In years to come it will always be remembered as ‘smoking ban weather’. In the few days after the world’s media descended to report that Ireland — Ireland! — had outlawed workplace smoking, the late-March rain and wind stayed away and the sunny city sidewalks filled up with pint drinkers and cigarette smoke.
Because of course the media interest in the ban had little to do with smoke-free workplaces per se — most of them have had little legal smoking for a decade — but with pubs, where choking on smoke has long been inextricably linked with choking down Guinness. And no, the atmosphere just isn’t the same.
For one thing, the legendary Irish flair for conversation has dried up. “It’s great in here without the smoke, isn’t it?” “Amazing.” “I won’t need to have a shower and wash every item of clothing every time I come home from having a drink or two.” “Indeed.” Ad infinitum. A few smokers have complained that they’re losing their place in the pub-chat every time they have to step outside for a cigarette, but they’re missing nothing. Oxygen deprivation must have been a key component in the madly wandering discourses of yore.
The only variation comes when it’s a journalist talking to a pub-owner, in which case the conversation revolves around the amount of business allegedly being driven away and the amount of money he spent on state-of-the-air ventilation only last year.
If Ireland is the last place you’d imagine succumbing to this sort of ‘dictatorship’ (the word weakly being thrown around by some sulking smokers), think again. It’s the first place in the EU to take this measure, and compliance, it seems, has been beyond New York and California proportions. (In those places, ironically, Irish pubs have often been among the lawless refuges from anti-smoking laws.)
Acts of resistance? Well, the largest opposition party, hopelessly conservative Fine Gael, has had to fire its justice spokesman for insistently smoking, while muttering about ‘the nanny state’, in the Dail (parliament) members’ bar. But it appears that particular workplace may find itself an exempt space where the law-makers can drink and smoke, as usual making a mockery of the common people, and joining a few other workplaces, notably jails and mental hospitals, in the loophole. (Insert your politician joke here.) A few other politically connected publicans are saying they won’t enforce the ban — there are only 300 inspectors, main working 9 to 5, and ‘informing’ remains a national taboo — and they plan to make it an issue in the local and European elections this June.
“Just try it,” seems to be the Government’s response. One country pub has made its own loophole with politically charged wit: replacing a window pane with a set of stocks through which a smoker must stick his/her head to smoke ‘outside’. In areas near the border with Northern Ireland, there’s grumbling that people will cross to the British-controlled jurisdiction to smoke and drink. More frivolously, the anomalies are parsed: how come you can go to jail for smoking, but you can smoke in jail? How come herbal cigarettes are okay? But the general feeling, based on opinion polls as well as the bland conversational approval for the measure, is that this ban is a vote-winner. Most people don’t smoke, and most smokers are too ambivalent about their habit to make a stand for it. Now if they tried to ban drinking…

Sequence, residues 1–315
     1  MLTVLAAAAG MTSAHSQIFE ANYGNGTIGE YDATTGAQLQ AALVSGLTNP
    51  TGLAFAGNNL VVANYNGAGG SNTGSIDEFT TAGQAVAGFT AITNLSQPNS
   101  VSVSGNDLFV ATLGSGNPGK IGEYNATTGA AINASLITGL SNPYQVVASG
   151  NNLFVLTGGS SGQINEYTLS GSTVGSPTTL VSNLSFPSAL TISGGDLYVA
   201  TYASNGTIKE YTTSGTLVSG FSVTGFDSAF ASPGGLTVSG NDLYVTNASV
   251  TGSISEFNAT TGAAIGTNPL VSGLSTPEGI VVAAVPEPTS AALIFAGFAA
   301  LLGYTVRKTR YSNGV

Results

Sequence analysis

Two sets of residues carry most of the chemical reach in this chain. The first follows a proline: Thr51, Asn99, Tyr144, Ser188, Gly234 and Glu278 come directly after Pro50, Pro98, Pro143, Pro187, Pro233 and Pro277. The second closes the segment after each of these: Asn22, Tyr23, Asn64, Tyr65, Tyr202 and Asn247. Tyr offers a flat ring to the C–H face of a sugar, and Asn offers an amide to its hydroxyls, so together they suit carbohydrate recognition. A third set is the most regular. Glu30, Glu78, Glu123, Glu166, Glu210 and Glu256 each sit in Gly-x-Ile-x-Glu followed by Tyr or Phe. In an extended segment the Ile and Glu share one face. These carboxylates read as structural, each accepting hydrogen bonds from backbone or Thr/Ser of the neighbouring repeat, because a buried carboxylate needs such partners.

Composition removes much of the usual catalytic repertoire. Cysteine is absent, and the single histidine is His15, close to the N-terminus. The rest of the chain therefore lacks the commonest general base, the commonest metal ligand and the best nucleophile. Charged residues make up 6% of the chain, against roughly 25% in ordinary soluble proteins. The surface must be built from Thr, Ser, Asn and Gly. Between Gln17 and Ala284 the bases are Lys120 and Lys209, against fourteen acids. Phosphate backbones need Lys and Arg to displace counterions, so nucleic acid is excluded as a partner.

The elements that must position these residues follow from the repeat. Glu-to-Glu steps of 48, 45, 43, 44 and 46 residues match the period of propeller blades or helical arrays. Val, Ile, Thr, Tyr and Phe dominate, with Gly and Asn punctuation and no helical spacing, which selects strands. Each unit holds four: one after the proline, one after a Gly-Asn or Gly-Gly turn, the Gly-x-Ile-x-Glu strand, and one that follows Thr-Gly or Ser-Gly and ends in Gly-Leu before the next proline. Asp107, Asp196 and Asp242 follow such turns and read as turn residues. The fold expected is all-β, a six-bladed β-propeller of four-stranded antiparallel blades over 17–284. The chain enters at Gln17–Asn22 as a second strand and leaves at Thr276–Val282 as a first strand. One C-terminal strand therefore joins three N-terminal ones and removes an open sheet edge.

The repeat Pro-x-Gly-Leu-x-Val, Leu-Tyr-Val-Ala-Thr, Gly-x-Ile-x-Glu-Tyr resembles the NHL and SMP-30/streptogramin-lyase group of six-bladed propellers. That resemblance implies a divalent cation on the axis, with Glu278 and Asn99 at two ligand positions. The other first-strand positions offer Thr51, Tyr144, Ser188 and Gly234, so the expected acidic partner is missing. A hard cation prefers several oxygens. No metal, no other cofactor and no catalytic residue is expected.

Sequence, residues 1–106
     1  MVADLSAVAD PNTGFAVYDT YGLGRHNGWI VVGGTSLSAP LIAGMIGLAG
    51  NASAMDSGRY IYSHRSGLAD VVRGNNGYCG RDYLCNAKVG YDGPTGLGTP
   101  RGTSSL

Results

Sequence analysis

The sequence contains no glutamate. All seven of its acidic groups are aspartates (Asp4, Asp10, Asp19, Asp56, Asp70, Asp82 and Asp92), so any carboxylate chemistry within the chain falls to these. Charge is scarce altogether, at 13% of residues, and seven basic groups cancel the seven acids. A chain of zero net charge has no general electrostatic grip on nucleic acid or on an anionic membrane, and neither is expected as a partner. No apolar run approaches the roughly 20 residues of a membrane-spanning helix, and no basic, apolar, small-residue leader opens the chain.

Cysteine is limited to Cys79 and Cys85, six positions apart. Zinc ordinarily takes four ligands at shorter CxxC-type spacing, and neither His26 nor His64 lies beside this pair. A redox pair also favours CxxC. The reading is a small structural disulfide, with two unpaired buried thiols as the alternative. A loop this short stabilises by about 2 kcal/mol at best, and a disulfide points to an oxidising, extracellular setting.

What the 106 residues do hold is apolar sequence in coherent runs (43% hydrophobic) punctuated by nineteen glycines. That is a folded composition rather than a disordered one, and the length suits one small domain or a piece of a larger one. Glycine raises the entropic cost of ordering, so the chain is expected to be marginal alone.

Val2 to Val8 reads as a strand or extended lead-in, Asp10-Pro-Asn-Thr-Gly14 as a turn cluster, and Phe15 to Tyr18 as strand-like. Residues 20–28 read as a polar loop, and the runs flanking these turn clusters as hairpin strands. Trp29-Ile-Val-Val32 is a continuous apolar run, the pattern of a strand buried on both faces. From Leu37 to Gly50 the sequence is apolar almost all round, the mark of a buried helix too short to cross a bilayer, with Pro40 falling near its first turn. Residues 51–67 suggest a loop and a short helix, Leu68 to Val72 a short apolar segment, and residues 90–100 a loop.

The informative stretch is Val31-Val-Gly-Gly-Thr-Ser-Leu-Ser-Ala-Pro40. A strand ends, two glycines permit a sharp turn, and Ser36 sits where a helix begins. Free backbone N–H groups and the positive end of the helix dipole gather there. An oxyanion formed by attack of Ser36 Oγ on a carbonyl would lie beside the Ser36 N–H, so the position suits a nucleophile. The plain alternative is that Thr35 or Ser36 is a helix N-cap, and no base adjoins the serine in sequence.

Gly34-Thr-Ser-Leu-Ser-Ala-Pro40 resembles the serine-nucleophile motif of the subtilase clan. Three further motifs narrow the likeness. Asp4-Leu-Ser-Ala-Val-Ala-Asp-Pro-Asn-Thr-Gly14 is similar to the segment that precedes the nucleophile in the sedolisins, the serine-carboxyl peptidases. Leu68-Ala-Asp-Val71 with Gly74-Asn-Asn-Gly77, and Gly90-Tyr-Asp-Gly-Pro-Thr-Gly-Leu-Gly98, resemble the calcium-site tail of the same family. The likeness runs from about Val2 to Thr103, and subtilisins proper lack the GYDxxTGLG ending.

The Government needed this distraction. The health service itself is in a disgraceful shambles; high levels of high-level corruption continue to be exposed in various tribunals; and any remaining scraps of military neutrality have been thrown to the American wolves. Not only is Shannon airport being used by more than 10,000 US troops every month, but this week an airport near Dublin has been hosting a US military transport flying the Jolly Roger. The Government claims it was just a refueling stop, but it’s been reported that largo cargo was unloaded, possibly even riot gear for the coming May Day EU summit and George Bush’s visit in June.
But sure, why would we be complaining about any of that when they’ve made the pubs smoke-free? Much of the goodwill toward the measure is based on admirable solidarity with bar workers, whose union wholeheartedly approves the ban. Dubious statistics are thrown about in their support: from the highest conceivable number of passive-smoking fatalities we’ve got the soundbite that the ban will save the lives of 150 bar workers a year, and we’re left to presume that the effect will begin immediately.
But whatever the reality, you couldn’t begrudge them, or their peers in cafes and restaurants, a single smoke-free night. Same goes for those mainstays of the Irish pub of tourist legend, musicians. We’ve been hearing this week of the horrible cardio-pulmonary histories of non-smoking fiddlers, and singers have been warbling about the throat-clearing properties of a smokeless venue.
So even if a pub doesn’t quite look or feel like a pub any more without the pall of smoke, and as the patina of tar and nicotine gradually fades from its walls, there’s hope that the new law might actually help preserve the institution, and its most valued residents. If nothing else, it’s provided a new excuse for going to the local: “I came down for some fresh air.”
HARRY BROWNE is a journalist and a lecturer in the school of media at Dublin Institute of Technology. This article was written for Ireland’s Evening Herald newspaper. He can be contacted at email@example.com